It's sort of like this. The US is (at least until recently) the richest, the most powerful, the most influential country of the 20th century. There isn't even a close number two. With Europeans in particular that rankles. They think it should be them. So they put it down every chance they get. They need to in order to preserve their world view. They don't need to do this with other countries, instead couching such criticisms far more carefully and thoughtfully in order to be intellectual. That's because there is no chance that their standing, as they see it, is going to be endangered by sub Saharan Africans or simpleton Slavs.
You miss the point Madmac.I mentioned that the U.S. makes these great, realistic,well-acted dramas like 'The Wire' and 'Boardwalk Empire' which also, incidently, make a lot of money so why can't they repeat that success in Hollywood.That is, realistic, gritty dramas; instead of churning out drivel like 'Terminator.'
And why do they need to steal someone elses glory when they have enough of their own.If Clint Eastwood with his Pacific trilogy could do it why not others.I love his films.
BTW I am sure you must hate 'Blackhawk Down' because of its British director and British cast. So rather than me being anti-American, which I most certainly aren't, it could be that your experiences in Europe have left you a negative take on anything European.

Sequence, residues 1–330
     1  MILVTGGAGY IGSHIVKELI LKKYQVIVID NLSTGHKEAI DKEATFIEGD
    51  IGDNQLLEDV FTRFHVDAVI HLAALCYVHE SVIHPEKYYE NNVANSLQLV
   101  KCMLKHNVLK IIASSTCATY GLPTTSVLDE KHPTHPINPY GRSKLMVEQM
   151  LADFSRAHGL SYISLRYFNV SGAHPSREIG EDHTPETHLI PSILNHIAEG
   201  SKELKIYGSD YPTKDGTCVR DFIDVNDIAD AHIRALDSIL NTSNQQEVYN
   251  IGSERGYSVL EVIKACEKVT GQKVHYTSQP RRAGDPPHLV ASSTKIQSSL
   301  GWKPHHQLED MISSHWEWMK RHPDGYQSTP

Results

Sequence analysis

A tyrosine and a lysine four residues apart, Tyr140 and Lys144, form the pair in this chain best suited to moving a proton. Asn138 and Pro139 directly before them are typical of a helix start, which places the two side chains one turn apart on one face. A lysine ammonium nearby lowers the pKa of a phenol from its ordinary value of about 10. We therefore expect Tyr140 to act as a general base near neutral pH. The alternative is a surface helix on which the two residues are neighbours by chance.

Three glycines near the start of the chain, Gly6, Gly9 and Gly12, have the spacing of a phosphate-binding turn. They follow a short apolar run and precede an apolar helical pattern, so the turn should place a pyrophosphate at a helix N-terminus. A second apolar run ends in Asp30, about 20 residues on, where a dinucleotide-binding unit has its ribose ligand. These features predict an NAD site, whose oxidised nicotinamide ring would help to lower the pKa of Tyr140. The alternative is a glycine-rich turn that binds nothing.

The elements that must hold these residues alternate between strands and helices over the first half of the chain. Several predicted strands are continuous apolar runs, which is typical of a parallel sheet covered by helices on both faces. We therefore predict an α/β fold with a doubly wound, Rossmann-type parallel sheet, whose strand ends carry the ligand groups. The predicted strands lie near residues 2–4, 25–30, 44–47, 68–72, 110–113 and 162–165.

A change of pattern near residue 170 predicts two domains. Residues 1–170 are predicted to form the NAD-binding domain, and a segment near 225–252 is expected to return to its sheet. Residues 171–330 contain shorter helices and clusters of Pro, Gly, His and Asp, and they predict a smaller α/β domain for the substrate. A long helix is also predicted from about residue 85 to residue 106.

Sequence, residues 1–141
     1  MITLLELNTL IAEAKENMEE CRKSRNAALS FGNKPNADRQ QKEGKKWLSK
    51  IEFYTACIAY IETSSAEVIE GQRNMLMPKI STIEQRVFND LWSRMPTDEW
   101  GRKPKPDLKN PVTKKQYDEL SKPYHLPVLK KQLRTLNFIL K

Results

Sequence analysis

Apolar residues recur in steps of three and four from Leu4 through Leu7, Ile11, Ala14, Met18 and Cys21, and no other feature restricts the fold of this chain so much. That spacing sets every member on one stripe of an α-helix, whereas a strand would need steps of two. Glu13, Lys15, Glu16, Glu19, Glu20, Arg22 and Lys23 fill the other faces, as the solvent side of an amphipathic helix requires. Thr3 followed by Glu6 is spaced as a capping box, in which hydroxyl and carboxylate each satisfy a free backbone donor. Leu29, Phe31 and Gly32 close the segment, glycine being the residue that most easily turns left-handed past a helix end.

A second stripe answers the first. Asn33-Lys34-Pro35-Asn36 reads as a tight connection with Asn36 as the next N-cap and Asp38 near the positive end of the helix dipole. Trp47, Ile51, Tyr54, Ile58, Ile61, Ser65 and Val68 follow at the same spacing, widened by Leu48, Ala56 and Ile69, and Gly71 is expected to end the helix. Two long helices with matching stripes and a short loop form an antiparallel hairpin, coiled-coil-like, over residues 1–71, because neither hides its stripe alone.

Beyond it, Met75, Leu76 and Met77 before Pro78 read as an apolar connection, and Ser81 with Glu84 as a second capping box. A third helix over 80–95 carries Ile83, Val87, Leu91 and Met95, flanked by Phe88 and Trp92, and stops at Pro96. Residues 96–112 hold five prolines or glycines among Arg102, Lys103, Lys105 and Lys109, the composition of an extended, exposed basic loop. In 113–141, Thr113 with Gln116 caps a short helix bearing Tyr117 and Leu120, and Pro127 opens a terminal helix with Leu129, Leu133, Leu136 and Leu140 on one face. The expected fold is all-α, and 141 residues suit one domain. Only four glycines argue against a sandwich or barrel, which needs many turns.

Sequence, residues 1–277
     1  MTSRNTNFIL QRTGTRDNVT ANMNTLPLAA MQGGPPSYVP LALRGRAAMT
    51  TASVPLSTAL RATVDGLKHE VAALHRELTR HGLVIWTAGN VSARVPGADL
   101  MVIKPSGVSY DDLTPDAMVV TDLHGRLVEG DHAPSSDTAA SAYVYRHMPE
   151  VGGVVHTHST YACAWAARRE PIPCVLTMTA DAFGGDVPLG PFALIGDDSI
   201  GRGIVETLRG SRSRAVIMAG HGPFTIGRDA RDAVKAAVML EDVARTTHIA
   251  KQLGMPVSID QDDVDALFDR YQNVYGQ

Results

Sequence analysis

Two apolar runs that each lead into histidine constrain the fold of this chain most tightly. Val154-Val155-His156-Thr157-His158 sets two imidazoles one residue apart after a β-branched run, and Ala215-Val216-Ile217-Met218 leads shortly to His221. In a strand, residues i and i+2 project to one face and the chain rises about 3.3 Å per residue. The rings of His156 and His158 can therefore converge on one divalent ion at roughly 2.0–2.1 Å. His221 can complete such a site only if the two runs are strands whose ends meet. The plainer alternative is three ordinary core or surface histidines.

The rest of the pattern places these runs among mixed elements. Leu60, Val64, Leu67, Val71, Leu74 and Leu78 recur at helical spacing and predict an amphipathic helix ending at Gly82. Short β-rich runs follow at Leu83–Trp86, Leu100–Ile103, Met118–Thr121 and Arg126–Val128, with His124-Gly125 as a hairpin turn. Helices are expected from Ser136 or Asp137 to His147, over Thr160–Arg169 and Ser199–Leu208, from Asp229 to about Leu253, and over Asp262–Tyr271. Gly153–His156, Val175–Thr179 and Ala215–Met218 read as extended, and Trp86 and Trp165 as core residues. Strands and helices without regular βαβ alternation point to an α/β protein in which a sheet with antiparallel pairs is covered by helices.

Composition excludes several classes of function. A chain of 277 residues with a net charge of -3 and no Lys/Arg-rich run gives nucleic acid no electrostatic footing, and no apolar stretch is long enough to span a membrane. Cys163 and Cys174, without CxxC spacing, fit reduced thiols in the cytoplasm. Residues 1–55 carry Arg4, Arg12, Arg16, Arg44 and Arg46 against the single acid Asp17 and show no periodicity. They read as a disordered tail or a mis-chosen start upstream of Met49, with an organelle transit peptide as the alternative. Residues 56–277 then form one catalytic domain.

Europe is bound to have more in culture because it's been there a lot longer.
You are right U.S. was the power of the 20 century but the old girl is on the wain.People think China will be the next super-power but having first hand experience of the technical rubbish they produce and their lack of education I would say watch out for Russia.The one thing the Soviet system left intact was a brilliant education system.With her reserves of gas and oil and minerals coupled with a well-educated populace don't be surprised as Russia becomes the power player of the 21st century.
I have everyday contact with the Russians and I am always respectful of their tough determination.So where do I place a bet?
I didn't think about Ridley Scott directing it - you're right, he's British. But he usually does good action flicks. This one was just an abortion. Everything was wrong. The Somalis weren't even Somali! I just can't watch it. If you want to know what happened there, CNN did a decent documentary on it that's on line now.
As for stealing someone elses glory, I think the film makers are just looking for a good story to tell that they can slap "based on a true story" in the front to give the bullshit credibility. I mean, the U-571 story had no basis in reality really.
As for "The Pacific" and "Band of Brothers" those were excellent mini-series, but it's important to note that they just broke even. They didn't make any real money. when you're fronting 100 million dollars to make a movie, you are taking a gamble, and investors want a reasonable probability of making a profit - less they risk major cash for no return or a net loss. That's the why you don't see more films like that.